The only thing that might stop Denver from pulling this concession from an apologetic Christian, then, would be a few risk-averse bureaucrats. This, even though Chick-fil-A has not been accused of any infraction or crime. No one has even suggested it's guilty of make-believe acts of discrimination. Chick-fil-A has given assurances, in fact, as all other concessionaires at Denver International Airport restaurants have, it will follow nondiscrimination policies laid out by law, which include protections for sexual orientation.

So what's the point? Well, Councilwoman Robin Kniech asked a concessionaire this question: "If the national corporation with which you are affiliated once again puts themselves at the center of a national debate about depriving people and their families of rights, would you as a concessionaire have any ability to influence that?"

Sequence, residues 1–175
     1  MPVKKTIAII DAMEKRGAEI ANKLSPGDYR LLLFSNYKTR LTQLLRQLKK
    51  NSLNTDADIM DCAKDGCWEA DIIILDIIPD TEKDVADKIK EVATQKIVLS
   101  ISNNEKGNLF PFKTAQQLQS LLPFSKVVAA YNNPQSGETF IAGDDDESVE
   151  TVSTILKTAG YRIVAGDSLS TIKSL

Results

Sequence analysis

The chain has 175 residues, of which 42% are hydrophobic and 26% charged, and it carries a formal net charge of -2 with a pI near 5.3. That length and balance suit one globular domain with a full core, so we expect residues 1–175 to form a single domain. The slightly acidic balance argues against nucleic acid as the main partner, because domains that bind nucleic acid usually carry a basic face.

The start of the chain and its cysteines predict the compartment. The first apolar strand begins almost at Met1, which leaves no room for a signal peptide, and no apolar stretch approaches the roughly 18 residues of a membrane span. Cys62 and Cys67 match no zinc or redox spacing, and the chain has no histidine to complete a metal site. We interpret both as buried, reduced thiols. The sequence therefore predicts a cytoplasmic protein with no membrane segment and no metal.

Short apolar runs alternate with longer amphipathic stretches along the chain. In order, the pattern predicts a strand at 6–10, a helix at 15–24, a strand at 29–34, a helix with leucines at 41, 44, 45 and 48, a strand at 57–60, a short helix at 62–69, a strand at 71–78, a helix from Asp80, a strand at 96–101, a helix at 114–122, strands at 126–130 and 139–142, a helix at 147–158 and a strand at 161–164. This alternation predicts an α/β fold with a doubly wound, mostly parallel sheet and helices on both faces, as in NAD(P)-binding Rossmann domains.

"I don't believe so," he answered.

"I don't think you would, either," Kniech said.

"And that's my concern."

So that's her concern? Setting aside the oversimplification of the debate surrounding marriage, since when is it the interest of a city councilor to monitor the political activities of citizens and wonder how she deals with vendors who displease her sensibilities? Do Americans with minority opinions function under some different set of laws? The only entity with the power to deprive anyone or anyone's family of rights, in this case, is the City Council. So please tell me how Kniech isn't a petty tyrant.